Limited Discovery in USA v. KBR Case

     WASHINGTON (CN) – Kellogg Brown & Root can force Uncle Sam to produce records on the Army’s alleged failure to provide force protection for KBR logistical services workers in Iraq, a federal judge ruled.
     KBR could face civil penalties of more than $300 million, on the United States’ claims that it billed the federal government more than $100 million for private security contractors it hired.
     The government says its LOGCAP III contracts with KBR prohibited the use of such contractors.
     U.S. Chief Judge Royce Lamberth ruled on Aug. 31 that he would allow discovery, after dismissing, in April, the contractor’s argument that the federal government failed to provide adequate security.
     KBR also asked the government to identify which KBR claims it believes are false, by releasing the invoices, and it sought documents relating to government contracts with other contractors in Iraq, and their relations with private security firms.
     Lamberth ruled that the government already has released information relating to the specific claims in question, and that the government’s relationship with other contractors is not KBR’s business.
     “The court is inclined to grant, with limitations, KBR’s motion to compel the production of evidence relating to the United States’ force protection obligations to KBR and its subsidiaries under LOGCAP III,” Lamberth wrote. “Although this court has dismissed KBR’s counterclaim, the United States’ compliance (or lack thereof) with its force protection obligations under LOGCAP III may be relevant to whether it was reasonable for KBR to charge for [private security contractors]. However, such discovery would need to be limited to the United States’ obligations under LOGCAP III, and may not extend to any obligations the United States had to KBR under other contracts, or its obligations to other contractors under different contracts.”
     Lamberth told KBR to “weigh the costs and burdens that this request would place on the United States.”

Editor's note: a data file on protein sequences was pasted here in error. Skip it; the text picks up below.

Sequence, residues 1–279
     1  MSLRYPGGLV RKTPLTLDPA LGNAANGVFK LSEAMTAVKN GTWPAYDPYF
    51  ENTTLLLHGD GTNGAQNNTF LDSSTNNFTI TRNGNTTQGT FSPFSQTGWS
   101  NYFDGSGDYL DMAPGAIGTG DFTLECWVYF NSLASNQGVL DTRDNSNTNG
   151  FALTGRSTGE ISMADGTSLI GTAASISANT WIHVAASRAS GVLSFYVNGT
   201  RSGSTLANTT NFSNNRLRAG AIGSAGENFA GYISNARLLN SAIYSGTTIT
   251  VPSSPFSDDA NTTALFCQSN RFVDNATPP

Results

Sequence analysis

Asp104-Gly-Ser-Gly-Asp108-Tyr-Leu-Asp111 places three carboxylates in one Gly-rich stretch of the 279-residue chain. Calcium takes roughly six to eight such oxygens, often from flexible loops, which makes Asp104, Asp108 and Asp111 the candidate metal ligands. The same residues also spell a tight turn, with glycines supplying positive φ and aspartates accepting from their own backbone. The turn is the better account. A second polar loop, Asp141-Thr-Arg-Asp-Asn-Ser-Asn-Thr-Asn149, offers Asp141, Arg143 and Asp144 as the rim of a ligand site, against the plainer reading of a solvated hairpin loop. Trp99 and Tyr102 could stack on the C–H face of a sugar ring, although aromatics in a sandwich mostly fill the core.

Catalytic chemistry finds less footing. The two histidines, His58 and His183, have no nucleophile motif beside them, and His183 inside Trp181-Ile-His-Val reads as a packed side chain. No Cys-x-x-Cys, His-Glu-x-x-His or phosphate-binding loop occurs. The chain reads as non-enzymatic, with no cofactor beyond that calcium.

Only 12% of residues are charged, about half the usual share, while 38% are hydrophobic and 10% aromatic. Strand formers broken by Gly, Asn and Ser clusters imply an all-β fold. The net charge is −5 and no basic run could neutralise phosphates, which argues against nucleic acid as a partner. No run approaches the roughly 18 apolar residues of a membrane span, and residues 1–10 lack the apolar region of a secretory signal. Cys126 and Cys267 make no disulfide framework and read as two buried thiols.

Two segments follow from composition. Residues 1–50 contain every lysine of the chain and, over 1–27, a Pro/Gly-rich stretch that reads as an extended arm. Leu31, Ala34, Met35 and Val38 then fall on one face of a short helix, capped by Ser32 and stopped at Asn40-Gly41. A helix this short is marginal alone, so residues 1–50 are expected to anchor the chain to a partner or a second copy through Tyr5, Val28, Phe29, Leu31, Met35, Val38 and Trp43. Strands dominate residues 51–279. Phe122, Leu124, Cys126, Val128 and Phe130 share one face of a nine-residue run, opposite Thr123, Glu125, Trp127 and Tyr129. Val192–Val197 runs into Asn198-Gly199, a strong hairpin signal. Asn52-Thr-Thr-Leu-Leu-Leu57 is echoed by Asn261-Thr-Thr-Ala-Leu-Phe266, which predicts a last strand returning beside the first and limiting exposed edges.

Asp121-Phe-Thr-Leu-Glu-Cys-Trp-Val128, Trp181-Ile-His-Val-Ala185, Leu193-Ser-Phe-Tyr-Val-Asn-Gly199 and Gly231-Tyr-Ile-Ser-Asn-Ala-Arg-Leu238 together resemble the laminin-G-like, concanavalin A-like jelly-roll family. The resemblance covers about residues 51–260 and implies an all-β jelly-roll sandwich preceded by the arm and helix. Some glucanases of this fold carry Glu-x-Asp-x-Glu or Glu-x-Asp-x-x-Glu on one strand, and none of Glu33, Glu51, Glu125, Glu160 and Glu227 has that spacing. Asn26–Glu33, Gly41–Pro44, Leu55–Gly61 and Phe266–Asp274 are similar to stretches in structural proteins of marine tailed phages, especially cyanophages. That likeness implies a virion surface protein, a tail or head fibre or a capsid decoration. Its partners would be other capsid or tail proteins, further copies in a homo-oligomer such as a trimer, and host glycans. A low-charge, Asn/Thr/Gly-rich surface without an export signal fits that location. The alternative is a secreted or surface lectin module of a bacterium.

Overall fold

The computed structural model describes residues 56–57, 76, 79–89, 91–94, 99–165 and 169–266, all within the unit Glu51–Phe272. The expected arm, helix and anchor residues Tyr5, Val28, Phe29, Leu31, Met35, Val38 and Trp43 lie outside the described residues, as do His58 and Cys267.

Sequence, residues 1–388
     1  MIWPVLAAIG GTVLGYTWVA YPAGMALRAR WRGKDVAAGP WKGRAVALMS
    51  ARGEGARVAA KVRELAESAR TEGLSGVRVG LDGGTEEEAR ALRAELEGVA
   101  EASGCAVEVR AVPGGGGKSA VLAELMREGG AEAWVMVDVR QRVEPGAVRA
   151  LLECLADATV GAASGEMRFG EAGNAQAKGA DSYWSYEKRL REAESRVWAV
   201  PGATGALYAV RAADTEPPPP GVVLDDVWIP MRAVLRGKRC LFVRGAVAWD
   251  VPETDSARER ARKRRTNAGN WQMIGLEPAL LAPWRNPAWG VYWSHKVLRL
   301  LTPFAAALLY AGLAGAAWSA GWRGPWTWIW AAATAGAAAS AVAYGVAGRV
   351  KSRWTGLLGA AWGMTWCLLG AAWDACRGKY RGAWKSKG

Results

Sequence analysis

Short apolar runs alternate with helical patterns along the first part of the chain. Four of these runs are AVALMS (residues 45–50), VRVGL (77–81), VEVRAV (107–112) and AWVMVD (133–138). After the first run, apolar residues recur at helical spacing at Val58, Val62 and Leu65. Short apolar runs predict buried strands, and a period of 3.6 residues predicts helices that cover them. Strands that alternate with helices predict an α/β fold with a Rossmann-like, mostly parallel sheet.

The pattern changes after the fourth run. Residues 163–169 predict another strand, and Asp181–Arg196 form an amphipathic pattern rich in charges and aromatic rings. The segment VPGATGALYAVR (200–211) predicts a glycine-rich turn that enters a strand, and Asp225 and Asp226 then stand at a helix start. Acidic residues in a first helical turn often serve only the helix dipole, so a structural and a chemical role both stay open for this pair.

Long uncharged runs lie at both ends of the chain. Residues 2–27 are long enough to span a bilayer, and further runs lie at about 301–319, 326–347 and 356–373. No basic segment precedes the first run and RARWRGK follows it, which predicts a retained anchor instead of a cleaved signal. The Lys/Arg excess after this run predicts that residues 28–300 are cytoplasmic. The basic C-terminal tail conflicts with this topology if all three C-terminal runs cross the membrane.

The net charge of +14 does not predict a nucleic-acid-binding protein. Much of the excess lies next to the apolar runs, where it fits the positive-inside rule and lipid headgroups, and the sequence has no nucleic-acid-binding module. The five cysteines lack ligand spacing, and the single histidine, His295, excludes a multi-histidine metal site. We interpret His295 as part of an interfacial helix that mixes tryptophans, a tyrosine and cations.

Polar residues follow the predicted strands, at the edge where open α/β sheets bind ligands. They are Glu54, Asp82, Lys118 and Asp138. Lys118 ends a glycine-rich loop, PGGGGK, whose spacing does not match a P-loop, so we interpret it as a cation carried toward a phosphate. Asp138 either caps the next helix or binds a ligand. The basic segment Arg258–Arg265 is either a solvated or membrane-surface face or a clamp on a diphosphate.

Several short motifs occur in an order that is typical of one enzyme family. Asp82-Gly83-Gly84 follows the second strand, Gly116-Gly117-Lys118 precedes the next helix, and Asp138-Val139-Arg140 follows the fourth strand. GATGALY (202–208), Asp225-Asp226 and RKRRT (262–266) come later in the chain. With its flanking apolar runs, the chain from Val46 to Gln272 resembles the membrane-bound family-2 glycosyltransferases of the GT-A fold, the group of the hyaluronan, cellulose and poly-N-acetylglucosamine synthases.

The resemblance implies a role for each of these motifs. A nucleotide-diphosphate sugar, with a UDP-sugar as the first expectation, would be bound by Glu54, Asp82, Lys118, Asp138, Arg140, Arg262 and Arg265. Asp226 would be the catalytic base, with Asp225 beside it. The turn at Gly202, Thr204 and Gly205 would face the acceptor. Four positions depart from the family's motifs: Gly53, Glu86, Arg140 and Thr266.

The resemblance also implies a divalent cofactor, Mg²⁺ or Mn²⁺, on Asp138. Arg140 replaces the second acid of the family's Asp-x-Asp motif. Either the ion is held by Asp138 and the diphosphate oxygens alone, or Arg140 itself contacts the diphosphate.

Kellogg Brown & Root Services faces up to $300 million in civil penalties and treble damages on charges that it overbilled the government for private security contractors in Iraq.
     The Army hired KBR to provide logistical services, such as transportation, maintenance, facilities management and dining facilities, for U.S. military operations around the world. The contract excluded payment for armed contractors that provide security for KBR and its subcontractors.
     In its 2010 complaint, the government says KBR hired Triple Canopy, Omega Risk Solutions and Al Dhahir to provide security for its executives in Iraq and passed on to the government the more than $100 million it spent on such protection.
     KBR unsuccessfully argued that the government failed to provide enough security.
     Lamberth ordered the parties to meet and confer within seven days to discuss the proper scope and timeline for discovery on the force protection issue, and inform the court within 30 days of their progress.
     “Hopefully, the parties will inform the court of their compromise and submit a joint order to schedule the remaining discovery,” Lamberth wrote. “However, if the parties cannot reach an agreement within 30 days, the court will either direct the parties to continue their negotiations or enter its own discovery order.”

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